This is my eighth Anti-Bullying Week and whilst I get weary that there still is a need for it (and this year has highlighted that in new and at times terrifying ways), I don't think I've ever been more enthusiastic and hopeful about what we can achieve. We are very pleased to announce that the theme for Anti-Bullying Week 2020 is: United Against Bullying.
Our Anti-Bullying Week 2020 manifesto for change:
This year, more than ever, we’ve witnessed the positive power that society can have when we come together to tackle a common challenge.
Anti-Bullying Week is no different. Bullying has a long lasting effect on those who experience and witness it. But by channelling our collective power, through shared efforts and shared ambitions, we can reduce bullying together. From parents and carers, to teachers and politicians, to children and young people, we all have a part to play in coming together to make a difference.
We’re all a piece in the puzzle, and together, we’re united against bullying.
We first started thinking about this theme in the last part of 2019 as many young people we spoke to said they felt our society was divided and that it was having an impact on the actions of children. Years of talking (arguing) about Brexit, angry debates in parliament, arguments on football pitches and YouTubers 'sending' for each other left, right and centre. One young person said ‘it’s like adults want us to behave better than they do sometimes’.
And then 2020 happened … our lives have all been turned upside down in completely different ways. Many are missing school and many are relieved not to have to attend. But for everyone school and education is now a very different place. Some people asked me if we would be able to hold Anti-Bullying Week at all this year. We’ve pondered as a team what the best approach should be. And we’ve been thinking in recent days and weeks about the appropriateness of a message of unity this year.
We asked young people how the theme idea made them feel now. They were loud and clear:
It makes me feel like part of a community that stands up for the right things.
Powerful - we will all work together to make sure that no child ever has to experience bullying again.
Empowered - we all have a part to play in combatting bullying, no matter who you are or where you’re from - you can make a difference to someone’s life.
2020 has been a heartbreakingly hard year for many and there's a significant amount of uncertainty ahead. But we are seeing examples of what can happen when we come together for a common goal. Whether it be communities coming together to make sure everyone has their shopping, key workers continuing to work despite the risk to their and their loved ones lives or people enduring a solitary lockdown to try and save others. Communities have worked together.
The abhorrent murder of George Floyd and the subsequent Black Lives Matters protests have put a spotlight on the systemic racism that continues to exists in our society. People from all over the world have joined forces to say ‘no more’. There is a distinct lack of research about racist bullying amongst children and young people but we have heard time and time again from black young people that they have experienced racist bullying in school. We must be more direct in our approach to tackling this issue ourselves.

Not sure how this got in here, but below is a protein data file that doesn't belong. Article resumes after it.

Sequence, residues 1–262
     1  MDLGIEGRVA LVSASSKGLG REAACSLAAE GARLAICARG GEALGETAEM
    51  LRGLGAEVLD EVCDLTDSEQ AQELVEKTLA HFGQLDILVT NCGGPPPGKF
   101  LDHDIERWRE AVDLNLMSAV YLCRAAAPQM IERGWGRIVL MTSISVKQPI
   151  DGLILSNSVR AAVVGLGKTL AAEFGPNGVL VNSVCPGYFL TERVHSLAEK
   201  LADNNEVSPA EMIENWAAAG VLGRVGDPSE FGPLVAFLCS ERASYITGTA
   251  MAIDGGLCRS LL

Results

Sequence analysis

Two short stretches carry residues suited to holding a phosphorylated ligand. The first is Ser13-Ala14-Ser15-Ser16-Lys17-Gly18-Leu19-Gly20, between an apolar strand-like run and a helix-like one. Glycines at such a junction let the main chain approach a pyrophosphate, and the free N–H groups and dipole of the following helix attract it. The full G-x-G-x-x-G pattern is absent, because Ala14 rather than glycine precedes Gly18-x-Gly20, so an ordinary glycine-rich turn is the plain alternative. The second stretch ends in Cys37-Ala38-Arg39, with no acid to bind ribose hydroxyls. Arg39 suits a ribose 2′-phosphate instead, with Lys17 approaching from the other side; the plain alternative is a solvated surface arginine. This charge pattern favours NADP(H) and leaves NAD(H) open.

ABA commits doing more to address racist bullying amongst children and young people. We will be vocal that Black Lives Matter. We will unite against racist bullying. This will involve following our process at NCB (where ABA is based) of gathering research evidence and listening carefully to the voices of black children and young people and partner organisations who can share insight to shape our direction.
Levels of bullying remain high, with our own poll last year showing that one child in every classroom is experiencing bullying every day. If we come together to tackle this issue as one we could achieve so much more. Last year we started on this journey by working with young people to develop a set of evidence based recommendations for our key stakeholders about how they could prevent and respond appropriately to bullying. The key stakeholders were young people, parents, schools, media and influencers, government and technology companies. The recommendations were clear, but we haven't amplified them enough. We need all these stakeholders to come together and listen to young people this year.
We are proud to have the continued support of SafeToNet to help us bring Anti-Bullying Week to life. We'll be providing a range of tools and resources for schools and parents. We'll hold events online working with young people to deliver them. We will also be holding Odd Socks Day on the Monday of Anti-Bullying Week, where children and adults where odd socks to school or work to celebrate what makes us all unique.
So what part are you going to play? You've got plenty of time to get ready. We'll be here to help you. Whether it be sharing your voice against bullying on social media, improving your school's anti-bullying policy, delivering online training sessions, speaking up for a young person you know is being bullied or setting a better example to young people - you are a piece of the puzzle. Together, we'll unite against bullying.
Martha Evans – Director of the Anti-Bullying Alliance
- Anti-Bullying Week 2020
- 5 tips for schools about preventing and responding appropriately to racist bullying
- NCB’s Black Lives Matters position statement